Under the Micra-scope
The little Nissan does its chores and stands up to any scrutiny
The car industry’s mantra of recent times of squeezing more from less was certainly Nissan’s aim when it developed the three-cylinder K13 Micra. Such engines have always been looked on as unworthy, bought by those who couldn’t afford a proper one.
But in this age of massive change, three-cylinders are pulling their
weight by doing the work once done by fours, and Nissan was hoping to boost its business substantially here on that basis.
The Thai-made K13 was longer, wider, lower and lighter than the outgoing model. It also brought with it two engines, two transmissions and three trim levels to choose from. Gone was the love-it-orloathe-it look of the older model. The new car was softer and more pleasing to the eye.
The base ST came with the three-cylinder engine while the ST-L and Ti had the fourcylinder. The transmission options for all were a five-speed manual or a four-speed auto (a regular auto rather than a trendy but occasionally troublesome CVT or twin-clutch).
For its size, the cabin was reasonably spacious for the time, but squeezing three into the back was a taxing trick.
The Micra sat nicely on the road, its firmish suspension handling speed bumps, corrugations and potholes competently.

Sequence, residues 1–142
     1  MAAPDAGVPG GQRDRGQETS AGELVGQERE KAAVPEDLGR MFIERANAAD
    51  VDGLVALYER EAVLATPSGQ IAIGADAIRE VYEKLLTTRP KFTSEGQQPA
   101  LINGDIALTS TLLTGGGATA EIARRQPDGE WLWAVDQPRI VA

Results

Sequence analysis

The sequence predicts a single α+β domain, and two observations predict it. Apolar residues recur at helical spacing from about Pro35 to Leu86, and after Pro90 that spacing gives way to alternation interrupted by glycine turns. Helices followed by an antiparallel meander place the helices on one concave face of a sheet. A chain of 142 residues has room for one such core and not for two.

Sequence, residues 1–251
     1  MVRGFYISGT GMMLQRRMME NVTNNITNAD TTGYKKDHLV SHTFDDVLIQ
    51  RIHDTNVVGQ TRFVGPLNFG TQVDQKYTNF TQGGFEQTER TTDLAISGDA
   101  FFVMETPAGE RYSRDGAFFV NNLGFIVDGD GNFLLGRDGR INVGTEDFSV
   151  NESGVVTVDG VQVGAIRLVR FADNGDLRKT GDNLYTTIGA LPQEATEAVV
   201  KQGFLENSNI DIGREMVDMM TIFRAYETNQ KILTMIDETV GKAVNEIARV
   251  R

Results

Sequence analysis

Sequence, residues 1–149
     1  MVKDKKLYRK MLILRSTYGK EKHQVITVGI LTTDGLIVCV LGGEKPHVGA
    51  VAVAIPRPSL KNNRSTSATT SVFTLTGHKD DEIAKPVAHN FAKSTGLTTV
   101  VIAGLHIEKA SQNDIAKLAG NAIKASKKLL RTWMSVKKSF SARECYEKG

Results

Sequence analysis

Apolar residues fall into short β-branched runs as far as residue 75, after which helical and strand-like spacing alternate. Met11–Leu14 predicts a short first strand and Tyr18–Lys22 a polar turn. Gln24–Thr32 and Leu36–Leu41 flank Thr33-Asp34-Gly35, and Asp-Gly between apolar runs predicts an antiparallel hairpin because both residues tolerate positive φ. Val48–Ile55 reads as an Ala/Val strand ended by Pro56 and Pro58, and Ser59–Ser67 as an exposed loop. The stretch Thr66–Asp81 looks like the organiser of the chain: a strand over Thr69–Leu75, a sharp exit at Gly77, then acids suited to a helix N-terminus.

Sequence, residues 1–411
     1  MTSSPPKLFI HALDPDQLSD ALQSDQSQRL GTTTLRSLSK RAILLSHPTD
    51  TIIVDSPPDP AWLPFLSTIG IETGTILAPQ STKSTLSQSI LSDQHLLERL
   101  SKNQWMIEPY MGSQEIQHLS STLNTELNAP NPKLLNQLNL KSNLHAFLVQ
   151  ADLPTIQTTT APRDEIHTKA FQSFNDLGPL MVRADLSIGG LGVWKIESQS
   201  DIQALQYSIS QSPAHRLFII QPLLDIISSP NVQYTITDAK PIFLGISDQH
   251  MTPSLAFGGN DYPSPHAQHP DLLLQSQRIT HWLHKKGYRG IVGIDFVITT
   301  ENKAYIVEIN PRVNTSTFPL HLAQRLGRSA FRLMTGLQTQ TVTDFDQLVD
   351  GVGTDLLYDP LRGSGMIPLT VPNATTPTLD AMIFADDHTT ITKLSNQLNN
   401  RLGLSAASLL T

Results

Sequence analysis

The three-cylinder engine did the job around town and was quite smooth and quiet. Out of town, it had to work a little harder and got noisier, with a little coarseness intruding.
It’s a different story with the four, which was willing across the rev range and had enough zest to handle overtaking comfortably.
Common to all three models were electronic stability control, ABS, emergency brake assistance and electronic brakeforce distribution, and front and side airbags.
Micra owners are generally a happy lot, content with their cars, and the trade echoes their sentiments.
Some older drivers express concern about a lack of outward vision so drivers who fall into that category should check the sight angles when test-driving a potential purchase.
Mechanics say the little Nissan is solidly built and the only regular work needed on them to date is the regular servicing recommended by Nissan. Nothing of consequence has so far gone wrong with them and the mechanics generally give them the tick of approval.
Anyone buying a Micra second hand should focus on the general condition of the car— look at the state of the bodywork and the alloy wheels if fitted.
They should certainly look at the logbook to verify that the factory-recommended servicing has been done.
It’s not outstanding in any way but does everything quite well.